Review Summary: The inevitable fall, the sound of a band losing its direction and personality. Altogether, a dreary, exhausting riposte to the suburban monster.
The story of Arcade Fire’s career has been one of intrinsic regression. Neon Bible
was a step back from the genre-defying modern fairytale that was Funeral
, marrying its swirling bombast with a more refined and dare I say straightforward sound. In fact straightforward is a word that has gone hand in hand with the Fire’s third opus. If only. This is an exhausting, pummelling and suffocating album that leaves you crying for respite again and again throughout its sixteen tracks and sixty-four minute duration. And that is a real sixteen tracks. There are no interludes or partial ditties to be found here, save for a reprisal of the title track at the end. The Suburbs
is trench warfare and marks a retreat from the personality and invention of Funeral and the refinement of Neon Bible
. This is Arcade Fire’s first mis-step and it’s a mighty one.
Fittingly, the title track is illustrative of the album’s failings. Its melancholic, jangling keys and bopping refrain takes the band to new heights of radio-friendliness but the song is needlessly bloated, taking an awful long time to go not very far at all. With one or two exceptions, this ‘twelve rounds with Mike Tyson’ approach is the template for what is to come, only for any melodic qualities to be kicked out the side door on the way. Caveman rockers such as ‘Empty Room’ and ‘Month of May’ show that no amount of bluster can mask what are ultimately aimless and gormless attempts to change the album’s pace. If the balls out rockers are shallow, the slower elements are plodding in equal measure, forming The Suburbs
modus operandi – a tame homage to Americana from days gone by. For the telegraphed chord changes of ‘Modern Man’ see the telegraphed chord changes of ‘City with No Children’. Set against Win Butler’s relentless chiding of the suburban monster, an album emerges that is entrenched within its repetitive subject matter. In this respect Butler has conveyed monotonous suburbia perfectly but it does not necessarily make for pleasant listening. Only on ‘Suburban War’ do they accomplish something approaching their ambition, a wistful slice of Simon and Garfunkel that has you coming back for more. It is a curious anomaly.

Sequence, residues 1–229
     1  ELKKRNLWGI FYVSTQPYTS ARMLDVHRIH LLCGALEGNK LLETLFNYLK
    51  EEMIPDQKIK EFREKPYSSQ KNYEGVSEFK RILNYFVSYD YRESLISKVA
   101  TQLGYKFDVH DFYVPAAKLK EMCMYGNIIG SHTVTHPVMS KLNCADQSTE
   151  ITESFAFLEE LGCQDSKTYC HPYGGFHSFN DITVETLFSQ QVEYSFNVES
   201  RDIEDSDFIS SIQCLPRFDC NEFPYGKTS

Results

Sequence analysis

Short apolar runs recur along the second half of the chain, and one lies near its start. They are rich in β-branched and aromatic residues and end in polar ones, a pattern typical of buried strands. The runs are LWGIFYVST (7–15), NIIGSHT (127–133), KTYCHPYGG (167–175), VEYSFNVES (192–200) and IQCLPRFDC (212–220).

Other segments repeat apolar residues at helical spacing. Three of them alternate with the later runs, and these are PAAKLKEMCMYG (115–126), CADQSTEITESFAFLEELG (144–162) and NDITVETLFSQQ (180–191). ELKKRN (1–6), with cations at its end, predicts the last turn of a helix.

It is all the more curious because it is the only song that is allowed to breathe - which alludes to the quite dreadful production and The Suburbs
ultimate failing. The album feels hollow and diminishes everything that made Funeral
the low-fi explosion of the decade. You weren’t listening to a band on that album; you were listening to an orchestra, a diverse range of instruments working together in harmony with each component allowed to make its impression on the songs. The production here removes those important nuances. There are token aperitifs of strings here and there but they are lost in a sorry haze of impenetrable guitars. Even the lyrical language hopping is kept to a bare minimum, only fuelling the feeling that you are now just listening to another indie band. Worst of all, Win Butler becomes a diminished, cornered figure, enveloped by all that surrounds him. Maybe Butler is cornered, dismayed at the monster his band has become, defined by the whims of the faceless kids that jump from one bandwagon to the next. But he needs to come out fighting. Remember the Butler that cried so effusively that the power was out in the heart of man? It now seems like a distant memory. You can surmise to your heart’s content on what ground-breaking social commentary Butler is bringing to the table next, but it was his seismic energy and uninhibited passion that gave Arcade Fire the warmth and vigour that perfectly supplemented their multi-instrumentalism. This is what made them such a show-stopping band at first.
Ultimately, Arcade Fire desperately needs to rediscover their personality, and fast. With The Suburbs
they have sent out a retort to all those who sought their pound of flesh. Unfortunately they have at best succeeded in creating a pale imitation of themselves and at worst have contrived to fulfil the massive indie-shaped hole that the mainstream has opened for them. ‘I would rather be wrong than live in the shadow of your song’ croons Butler at one point. Butler is wrong and is now living in the shadow of previous triumphs. This is a band that possesses an embarrassment of riches, two original and dynamic vocalists, a range of instruments that would make opera houses weep and an ability to make songs that turn into mini-operas, conveying the intimate setting of a campfire while taking our minds to incomprehensible landscapes – a truly cross-over band. But Jesus Christ, don’t keep it hid.